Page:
Why the Rounding Bottom Pattern Is One Chart Pattern You Can’t Afford to Forget

  • May 22, 2020

What is the rounding bottom pattern? Although this pattern has a high success rate, it's relatively rare. But when it comes, you'll want to be ready for it. This highly reliable bullish reversal pattern is one you can't afford to forget.  

Rounding Bottom Pattern

What Is a Rounding Bottom Pattern?

  • For those of you wondering, I am not referring to your backside. However, I am starting this new Brazilian bubble butt workout that promises a rounded bottom in one week. I have my doubts, but I'll keep you posted. Anyways, I digress. In it's simplest form, a rounded bottom, or saucer chart pattern is just that - a chart that forms a rounded bottom. Many refer to it as a U shape. 

1. What Does a Round Bottom Chart Pattern Signify?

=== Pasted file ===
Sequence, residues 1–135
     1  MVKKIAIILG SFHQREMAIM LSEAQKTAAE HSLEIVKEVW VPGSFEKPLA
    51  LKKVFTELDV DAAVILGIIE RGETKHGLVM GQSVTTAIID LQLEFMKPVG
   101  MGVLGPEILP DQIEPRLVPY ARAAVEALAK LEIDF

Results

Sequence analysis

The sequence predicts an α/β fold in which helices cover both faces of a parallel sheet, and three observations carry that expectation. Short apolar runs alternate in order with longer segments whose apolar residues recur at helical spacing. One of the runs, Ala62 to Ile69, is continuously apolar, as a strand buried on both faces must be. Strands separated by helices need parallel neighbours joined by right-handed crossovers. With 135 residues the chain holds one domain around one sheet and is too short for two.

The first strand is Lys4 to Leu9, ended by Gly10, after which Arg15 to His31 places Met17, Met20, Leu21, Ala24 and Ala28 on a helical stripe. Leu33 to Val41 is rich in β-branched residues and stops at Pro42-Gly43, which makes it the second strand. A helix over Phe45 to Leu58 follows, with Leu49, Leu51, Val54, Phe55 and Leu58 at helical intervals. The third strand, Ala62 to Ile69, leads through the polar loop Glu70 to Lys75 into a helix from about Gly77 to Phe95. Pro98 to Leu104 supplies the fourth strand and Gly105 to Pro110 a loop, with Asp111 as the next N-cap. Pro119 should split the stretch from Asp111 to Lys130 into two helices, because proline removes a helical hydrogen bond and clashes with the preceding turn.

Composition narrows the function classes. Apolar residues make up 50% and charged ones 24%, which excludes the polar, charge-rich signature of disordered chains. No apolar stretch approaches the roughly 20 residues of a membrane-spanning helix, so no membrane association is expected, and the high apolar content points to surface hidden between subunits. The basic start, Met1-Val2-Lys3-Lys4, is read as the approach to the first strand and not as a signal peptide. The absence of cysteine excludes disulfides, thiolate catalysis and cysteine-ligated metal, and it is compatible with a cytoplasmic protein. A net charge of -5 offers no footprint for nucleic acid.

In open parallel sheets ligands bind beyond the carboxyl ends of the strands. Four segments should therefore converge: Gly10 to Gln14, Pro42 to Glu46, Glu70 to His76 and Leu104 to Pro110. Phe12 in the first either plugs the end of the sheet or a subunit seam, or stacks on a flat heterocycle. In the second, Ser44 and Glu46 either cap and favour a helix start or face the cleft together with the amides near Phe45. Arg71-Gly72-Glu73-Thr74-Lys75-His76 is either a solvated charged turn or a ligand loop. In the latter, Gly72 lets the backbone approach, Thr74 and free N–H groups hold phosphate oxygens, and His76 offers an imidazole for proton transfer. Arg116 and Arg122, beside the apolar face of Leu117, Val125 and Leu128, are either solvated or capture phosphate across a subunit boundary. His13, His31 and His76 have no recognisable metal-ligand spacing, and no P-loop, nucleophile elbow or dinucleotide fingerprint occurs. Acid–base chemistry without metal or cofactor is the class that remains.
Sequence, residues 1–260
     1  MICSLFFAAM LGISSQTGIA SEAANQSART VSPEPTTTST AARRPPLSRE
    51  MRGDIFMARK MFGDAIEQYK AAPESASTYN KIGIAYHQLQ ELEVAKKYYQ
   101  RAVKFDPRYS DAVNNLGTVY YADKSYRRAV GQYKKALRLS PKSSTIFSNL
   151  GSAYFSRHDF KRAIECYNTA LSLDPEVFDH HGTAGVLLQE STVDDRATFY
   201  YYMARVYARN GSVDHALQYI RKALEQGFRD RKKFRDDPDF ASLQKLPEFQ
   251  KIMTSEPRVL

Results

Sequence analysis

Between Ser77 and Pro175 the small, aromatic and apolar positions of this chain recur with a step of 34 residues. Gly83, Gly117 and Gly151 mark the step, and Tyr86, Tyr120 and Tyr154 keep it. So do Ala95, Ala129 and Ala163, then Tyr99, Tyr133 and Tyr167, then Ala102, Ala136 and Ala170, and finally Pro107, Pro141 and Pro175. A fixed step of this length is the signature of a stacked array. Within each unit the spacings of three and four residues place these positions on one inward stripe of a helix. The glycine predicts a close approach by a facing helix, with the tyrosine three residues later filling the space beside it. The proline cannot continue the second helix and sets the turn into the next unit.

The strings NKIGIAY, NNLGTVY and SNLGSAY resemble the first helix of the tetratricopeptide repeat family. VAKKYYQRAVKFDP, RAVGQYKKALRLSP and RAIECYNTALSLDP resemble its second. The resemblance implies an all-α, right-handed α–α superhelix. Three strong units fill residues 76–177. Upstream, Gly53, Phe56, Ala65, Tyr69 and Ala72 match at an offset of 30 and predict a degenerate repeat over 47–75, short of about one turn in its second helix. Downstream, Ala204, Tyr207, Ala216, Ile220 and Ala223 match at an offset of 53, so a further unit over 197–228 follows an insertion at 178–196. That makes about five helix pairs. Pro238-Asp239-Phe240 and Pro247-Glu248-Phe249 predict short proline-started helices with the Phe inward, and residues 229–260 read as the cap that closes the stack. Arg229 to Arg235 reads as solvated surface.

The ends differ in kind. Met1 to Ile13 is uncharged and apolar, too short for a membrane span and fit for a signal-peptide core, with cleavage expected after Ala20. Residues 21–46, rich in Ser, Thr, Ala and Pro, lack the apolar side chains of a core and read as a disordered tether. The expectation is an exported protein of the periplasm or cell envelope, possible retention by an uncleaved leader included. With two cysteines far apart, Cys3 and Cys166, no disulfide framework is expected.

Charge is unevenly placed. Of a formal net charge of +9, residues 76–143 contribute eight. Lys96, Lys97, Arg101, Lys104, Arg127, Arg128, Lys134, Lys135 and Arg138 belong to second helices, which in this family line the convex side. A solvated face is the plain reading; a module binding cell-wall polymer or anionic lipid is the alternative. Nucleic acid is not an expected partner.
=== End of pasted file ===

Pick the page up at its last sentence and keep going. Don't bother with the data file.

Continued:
Just like a roller coaster, stocks go up and down in price every day. We rarely see them soaring; they need time to pause and digest, and that's exactly what this pattern does.

A rounding bottom when it comes to stock charts indicates a positive market reversal. To put it in another way, investor expectations and momentum (i.e. sentiment), is gradually shifting from bearish to bullish

Often, it's more of a pausing pattern, allowing the stock to consolidate before it builds enough energy to move up in price.

Make sure to check out our next level stock training if you want the tools for even more ways to make money in the stock market.

2. When Do You See a Rounding Bottom Pattern?

We see rounding bottoms at the end of extended downward trends. Like I mentioned above, they signify a reversal in long-term price movements.

Sometimes the pause and reversal takes time, even eight to twelve weeks, depending on market conditions. Alternatively, it may take years.  

Bullish Bears Dan would be pointing about the rounding bottom pattern in our live trading room if he sees one. Make sure to check it out if you haven't yet. 

Rouding bottom pattern weekly SBUX

Rounded bottom pattern on $SBUX weekly chart.